Pope Kisses Holocaust Survivors on Visit to Auschwitz

Pope Francis
Pope Francis walks towards the main entrance with the lettering 'Arbeit Macht Frei' (Work Sets You Free) at the former Nazi German Auschwitz-Birkenau death camp on July 29, 2016 in Oswiecim as part of his visit to the World Youth Days (WYD). Pope Francis is in Poland for an international Catholic youth festival with a mission to encourage openness to migrants. FILIPPO MONTEFORTE/AFP/Getty Images

On Friday the Pope visited the Nazi death camps in Auschwitz-Birkenau, Poland as part of his first visit to eastern Europe. The concentration camp was the site of the largest mass murder by the Nazi party: Over a million Jews; 75,000 non-Jewish Poles; 18,000 Roma, and 15,000 Soviet prisoners of war were killed there by fascist Germans during World War II.

Pope Francis became the third pontiff in history to visit the sombre historical landmark, after Pope John Paul II in 1979, and Pope Benedict in 2006.

He spent over 15 minutes sitting alone in deep contemplation and prayer, before walking around the camp in complete silence.

"I would like to go to that place of horror without speeches, without crowds—only the few people necessary. Alone, enter, pray. And may the Lord give me the grace to cry," said Pope Francis prior to the visit.

Next to 'Death Wall,' where so many thousands of inmates were executed, he lit a large white candle.

He met former inmates who survived the terrors of the camp. He kissed them on their cheeks, before Poland's chief rabbi recited Psalm 130 in Hebrew. "From the depths I have cried out to you, O Lord," the psalm begins.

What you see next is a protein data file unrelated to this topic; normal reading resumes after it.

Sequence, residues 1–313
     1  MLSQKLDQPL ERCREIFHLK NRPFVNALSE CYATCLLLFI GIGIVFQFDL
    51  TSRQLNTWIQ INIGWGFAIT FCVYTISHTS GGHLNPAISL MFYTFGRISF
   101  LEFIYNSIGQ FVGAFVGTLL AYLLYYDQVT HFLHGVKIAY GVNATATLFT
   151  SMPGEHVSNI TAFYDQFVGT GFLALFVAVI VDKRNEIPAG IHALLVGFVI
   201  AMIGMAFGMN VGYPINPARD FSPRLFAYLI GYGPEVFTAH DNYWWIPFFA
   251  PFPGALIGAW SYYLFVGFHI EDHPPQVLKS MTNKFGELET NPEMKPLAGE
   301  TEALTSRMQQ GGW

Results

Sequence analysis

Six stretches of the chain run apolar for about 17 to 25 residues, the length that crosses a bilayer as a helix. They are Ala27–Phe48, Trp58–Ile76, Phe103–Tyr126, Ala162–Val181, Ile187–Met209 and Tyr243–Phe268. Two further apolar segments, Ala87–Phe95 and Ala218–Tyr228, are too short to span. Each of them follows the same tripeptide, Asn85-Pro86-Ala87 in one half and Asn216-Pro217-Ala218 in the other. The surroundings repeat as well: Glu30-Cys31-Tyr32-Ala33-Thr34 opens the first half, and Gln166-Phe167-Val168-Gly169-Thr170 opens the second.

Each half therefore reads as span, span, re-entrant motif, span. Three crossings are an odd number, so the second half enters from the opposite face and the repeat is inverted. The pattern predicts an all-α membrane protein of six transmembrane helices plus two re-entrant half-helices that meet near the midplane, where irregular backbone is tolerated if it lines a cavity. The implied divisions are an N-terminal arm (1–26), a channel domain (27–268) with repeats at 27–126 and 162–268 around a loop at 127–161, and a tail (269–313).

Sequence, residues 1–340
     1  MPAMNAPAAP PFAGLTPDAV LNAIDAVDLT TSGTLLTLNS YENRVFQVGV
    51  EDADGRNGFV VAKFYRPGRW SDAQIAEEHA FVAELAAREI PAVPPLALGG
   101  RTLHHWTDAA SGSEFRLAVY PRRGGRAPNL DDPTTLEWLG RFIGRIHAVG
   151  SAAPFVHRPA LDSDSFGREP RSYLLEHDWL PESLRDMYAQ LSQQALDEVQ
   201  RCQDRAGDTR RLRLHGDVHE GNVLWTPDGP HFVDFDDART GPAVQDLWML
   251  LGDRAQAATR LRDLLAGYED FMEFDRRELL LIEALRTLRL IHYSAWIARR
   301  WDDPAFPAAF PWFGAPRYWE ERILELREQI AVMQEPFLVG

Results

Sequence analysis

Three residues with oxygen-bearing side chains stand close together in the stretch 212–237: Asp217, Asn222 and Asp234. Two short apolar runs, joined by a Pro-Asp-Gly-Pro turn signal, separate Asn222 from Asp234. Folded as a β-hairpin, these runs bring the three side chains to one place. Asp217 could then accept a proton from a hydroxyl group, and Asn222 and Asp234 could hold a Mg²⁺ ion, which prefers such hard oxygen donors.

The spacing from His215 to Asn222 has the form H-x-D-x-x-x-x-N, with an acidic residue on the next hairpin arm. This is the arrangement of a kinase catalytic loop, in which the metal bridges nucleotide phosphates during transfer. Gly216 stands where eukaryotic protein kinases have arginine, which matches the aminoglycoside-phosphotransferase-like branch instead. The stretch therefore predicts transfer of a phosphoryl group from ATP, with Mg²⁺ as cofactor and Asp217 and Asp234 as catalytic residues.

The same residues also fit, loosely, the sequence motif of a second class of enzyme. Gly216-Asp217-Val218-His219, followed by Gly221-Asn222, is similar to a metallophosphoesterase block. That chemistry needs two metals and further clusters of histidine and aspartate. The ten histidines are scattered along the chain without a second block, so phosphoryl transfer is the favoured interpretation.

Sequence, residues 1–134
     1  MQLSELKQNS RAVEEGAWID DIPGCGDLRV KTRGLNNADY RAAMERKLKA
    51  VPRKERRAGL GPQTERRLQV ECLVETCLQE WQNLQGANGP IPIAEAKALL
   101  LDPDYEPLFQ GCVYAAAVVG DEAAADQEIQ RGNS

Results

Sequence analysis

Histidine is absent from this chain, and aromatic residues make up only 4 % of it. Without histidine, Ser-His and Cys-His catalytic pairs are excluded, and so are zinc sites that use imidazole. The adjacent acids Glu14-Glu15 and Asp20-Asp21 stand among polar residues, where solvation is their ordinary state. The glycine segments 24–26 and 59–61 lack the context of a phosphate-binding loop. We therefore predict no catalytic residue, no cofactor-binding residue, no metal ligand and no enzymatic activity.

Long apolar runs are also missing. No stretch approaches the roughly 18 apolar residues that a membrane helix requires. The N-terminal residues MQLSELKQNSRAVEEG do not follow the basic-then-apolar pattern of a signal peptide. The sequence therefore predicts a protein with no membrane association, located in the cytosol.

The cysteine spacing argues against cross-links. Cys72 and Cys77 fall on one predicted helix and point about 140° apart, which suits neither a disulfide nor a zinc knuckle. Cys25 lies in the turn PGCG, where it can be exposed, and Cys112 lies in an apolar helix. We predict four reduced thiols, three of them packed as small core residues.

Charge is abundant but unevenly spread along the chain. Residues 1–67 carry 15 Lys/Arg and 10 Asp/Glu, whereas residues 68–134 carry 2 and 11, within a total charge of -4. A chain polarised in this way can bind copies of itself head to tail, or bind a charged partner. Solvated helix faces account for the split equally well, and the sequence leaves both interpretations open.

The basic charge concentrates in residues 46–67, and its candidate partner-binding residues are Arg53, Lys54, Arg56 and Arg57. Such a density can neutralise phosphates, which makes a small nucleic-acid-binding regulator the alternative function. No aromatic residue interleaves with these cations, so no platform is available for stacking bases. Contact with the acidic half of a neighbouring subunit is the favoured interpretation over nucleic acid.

The 266th Pope, dressed in white robes and a skull cap, was accompanied by Father Stanisław Ruszała, the parish priest of Markowa, a village in south-eastern Poland. In 1942, Nazi soldiers killed two churchgoers and their seven children who lived there because they hid eight Jews. Andrzej Duda, the Polish president was also in attendance, as well as the country's prime minister Beata Szydło.

"There are places and tragedies which make you at a loss for words, where actually there are no words to express what so many still see as unimaginable," said Piotr Cywiński, the director of the Auschwitz-Birkenau State Museum.

"It [the world] is increasingly internally divided, threatened with terrorism and deterioration of human rights. It is a world where human solidarity is slowly being worn down. If 15 years ago someone had told us that we would so hysterically react to aiding refugees from war-torn territories, I would never have believed it," he continued.

The Pope wrote in the memorial's guest book: "Lord, have pity on your people. Lord, forgive so much cruelty."

Francis will be in Poland for a total of five days, on a trip marking 1,050 years since the country's adoption of Christianity.